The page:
'The post?' said Amy. 'What post?'
'In plain English, the clerkship. It'll be the same work as I used to have--registering patients, receiving their "letters," and so on. The pay is to be five-and-twenty shillings a week.'
Amy sat upright and looked steadily at him.
'Is this a joke?'
'Far from it, dear. It's a blessed deliverance.'
'You have asked Mr Carter to take you back as a clerk?'
'And you propose that we shall live on twenty-five shillings a week?'
'Oh no! I shall be engaged only three mornings in the week and three evenings. In my free time I shall do literary work, and no doubt I can earn fifty pounds a year by it--if I have your sympathy to help me. To-morrow I shall go and look for rooms some distance from here; in Islington, I think. We have been living far beyond our means; that must come to an end. We'll have no more keeping up of sham appearances. If I can make my way in literature, well and good; in that case our position and prospects will of course change. But for the present we are poor people, and must live in a poor way. If our friends like to come and see us, they must put aside all snobbishness, and take us as we are. If they prefer not to come, there'll be an excuse in our remoteness.'
Amy was stroking the back of her hand. After a long silence, she said in a very quiet, but very resolute tone:
'I shall not consent to this.'
'In that case, Amy, I must do without your consent. The rooms will be taken, and our furniture transferred to them.'
'To me that will make no difference,' returned his wife, in the same voice as before. 'I have decided--as you told me to--to go with Willie to mother's next Tuesday. You, of course, must do as you please. I should have thought a summer at the seaside would have been more helpful to you; but if you prefer to live in Islington--'
Reardon approached her, and laid a hand on her shoulder.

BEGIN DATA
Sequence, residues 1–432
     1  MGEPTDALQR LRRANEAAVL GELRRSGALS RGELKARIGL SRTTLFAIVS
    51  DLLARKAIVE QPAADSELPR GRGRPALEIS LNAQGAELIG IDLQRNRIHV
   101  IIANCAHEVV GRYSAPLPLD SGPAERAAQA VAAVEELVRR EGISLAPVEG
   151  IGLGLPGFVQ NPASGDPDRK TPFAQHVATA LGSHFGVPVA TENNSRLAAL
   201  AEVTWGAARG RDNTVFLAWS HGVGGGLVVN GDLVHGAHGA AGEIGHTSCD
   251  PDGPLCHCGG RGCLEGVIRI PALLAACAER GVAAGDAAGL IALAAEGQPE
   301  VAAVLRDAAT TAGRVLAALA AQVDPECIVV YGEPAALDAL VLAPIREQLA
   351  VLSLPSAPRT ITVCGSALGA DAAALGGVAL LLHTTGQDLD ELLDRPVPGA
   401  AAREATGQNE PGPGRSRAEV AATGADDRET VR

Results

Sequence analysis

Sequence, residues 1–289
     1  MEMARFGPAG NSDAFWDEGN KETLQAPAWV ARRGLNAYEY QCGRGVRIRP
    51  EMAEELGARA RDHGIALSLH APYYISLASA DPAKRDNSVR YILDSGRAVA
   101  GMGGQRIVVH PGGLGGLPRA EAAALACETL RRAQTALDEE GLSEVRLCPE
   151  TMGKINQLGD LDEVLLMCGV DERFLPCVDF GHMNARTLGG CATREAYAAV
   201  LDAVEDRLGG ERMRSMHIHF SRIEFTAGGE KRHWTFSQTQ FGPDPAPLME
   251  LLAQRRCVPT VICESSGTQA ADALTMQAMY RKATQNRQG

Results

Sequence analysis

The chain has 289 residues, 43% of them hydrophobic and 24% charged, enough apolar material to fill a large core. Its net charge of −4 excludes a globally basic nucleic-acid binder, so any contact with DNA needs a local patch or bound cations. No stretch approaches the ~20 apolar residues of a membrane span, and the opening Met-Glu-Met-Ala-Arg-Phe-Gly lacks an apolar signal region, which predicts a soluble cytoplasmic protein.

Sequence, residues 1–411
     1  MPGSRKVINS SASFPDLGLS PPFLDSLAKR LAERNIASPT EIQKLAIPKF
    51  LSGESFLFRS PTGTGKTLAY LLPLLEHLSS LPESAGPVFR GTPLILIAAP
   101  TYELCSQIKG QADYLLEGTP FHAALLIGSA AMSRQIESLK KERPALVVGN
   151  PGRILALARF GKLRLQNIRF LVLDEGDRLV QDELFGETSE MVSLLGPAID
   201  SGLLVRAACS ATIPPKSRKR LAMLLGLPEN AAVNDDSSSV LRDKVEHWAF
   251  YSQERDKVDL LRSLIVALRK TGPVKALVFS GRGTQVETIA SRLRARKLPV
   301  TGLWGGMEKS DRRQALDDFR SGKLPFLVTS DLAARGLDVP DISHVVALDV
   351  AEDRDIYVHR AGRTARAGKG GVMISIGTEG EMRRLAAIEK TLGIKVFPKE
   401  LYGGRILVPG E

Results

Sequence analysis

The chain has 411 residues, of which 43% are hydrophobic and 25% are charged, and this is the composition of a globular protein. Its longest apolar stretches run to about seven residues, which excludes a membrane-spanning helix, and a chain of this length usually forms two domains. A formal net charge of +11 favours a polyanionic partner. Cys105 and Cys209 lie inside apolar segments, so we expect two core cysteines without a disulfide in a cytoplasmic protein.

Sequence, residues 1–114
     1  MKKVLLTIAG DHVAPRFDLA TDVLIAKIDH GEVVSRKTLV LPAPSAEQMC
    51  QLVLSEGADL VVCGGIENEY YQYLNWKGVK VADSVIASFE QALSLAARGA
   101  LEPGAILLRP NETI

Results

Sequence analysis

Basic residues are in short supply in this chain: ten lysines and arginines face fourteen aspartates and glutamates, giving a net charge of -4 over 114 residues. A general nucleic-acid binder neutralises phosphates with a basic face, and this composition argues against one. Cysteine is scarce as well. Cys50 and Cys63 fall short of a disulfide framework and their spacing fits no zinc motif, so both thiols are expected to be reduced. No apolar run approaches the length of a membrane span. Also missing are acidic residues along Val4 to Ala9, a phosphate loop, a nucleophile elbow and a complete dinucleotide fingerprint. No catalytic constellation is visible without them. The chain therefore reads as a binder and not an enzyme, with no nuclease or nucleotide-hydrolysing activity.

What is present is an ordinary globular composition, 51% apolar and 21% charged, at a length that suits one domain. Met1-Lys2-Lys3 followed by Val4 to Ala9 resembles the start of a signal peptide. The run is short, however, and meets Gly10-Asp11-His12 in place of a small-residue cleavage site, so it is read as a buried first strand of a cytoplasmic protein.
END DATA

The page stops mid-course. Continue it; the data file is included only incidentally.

'Amy, are you my wife, or not?'
'I am certainly not the wife of a clerk who is paid so much a week.'
He had foreseen a struggle, but without certainty of the form Amy's opposition would take. For himself he meant to be gently resolute, calmly regardless of protest. But in a man to whom such self-assertion is a matter of conscious effort, tremor of the nerves will always interfere with the line of conduct he has conceived in advance. Already Reardon had spoken with far more bluntness than he proposed; involuntarily, his voice slipped from earnest determination to the note of absolutism, and, as is wont to be the case, the sound of these strange tones instigated him to further utterances of the same kind. He lost control of himself. Amy's last reply went through him like an electric shock, and for the moment he was a mere husband defied by his wife, the male stung to exertion of his brute force against the physically weaker sex.
'However you regard me, you will do what I think fit. I shall not argue with you. If I choose to take lodgings in Whitechapel, there you will come and live.'
He met Amy's full look, and was conscious of that in it which corresponded to his own brutality. She had become suddenly a much older woman; her cheeks were tight drawn into thinness, her lips were bloodlessly hard, there was an unknown furrow along her forehead, and she glared like the animal that defends itself with tooth and claw.
'Do as you think fit? Indeed!'
Could Amy's voice sound like that? Great Heaven! With just such accent he had heard a wrangling woman retort upon her husband at the street corner. Is there then no essential difference between a woman of this world and one of that? Does the same nature lie beneath such unlike surfaces?
He had but to do one thing: to seize her by the arm, drag her up from the chair, dash her back again with all his force--there, the transformation would be complete, they would stand towards each other on the natural footing. With an added curse perhaps-- Instead of that, he choked, struggled for breath, and shed tears.
Amy turned scornfully away from him. Blows and a curse would have overawed her, at all events for the moment; she would have felt: 'Yes, he is a man, and I have put my destiny into his hands.' His tears moved her to a feeling cruelly exultant; they were the sign of her superiority. It was she who should have wept, and never in her life had she been further from such display of weakness.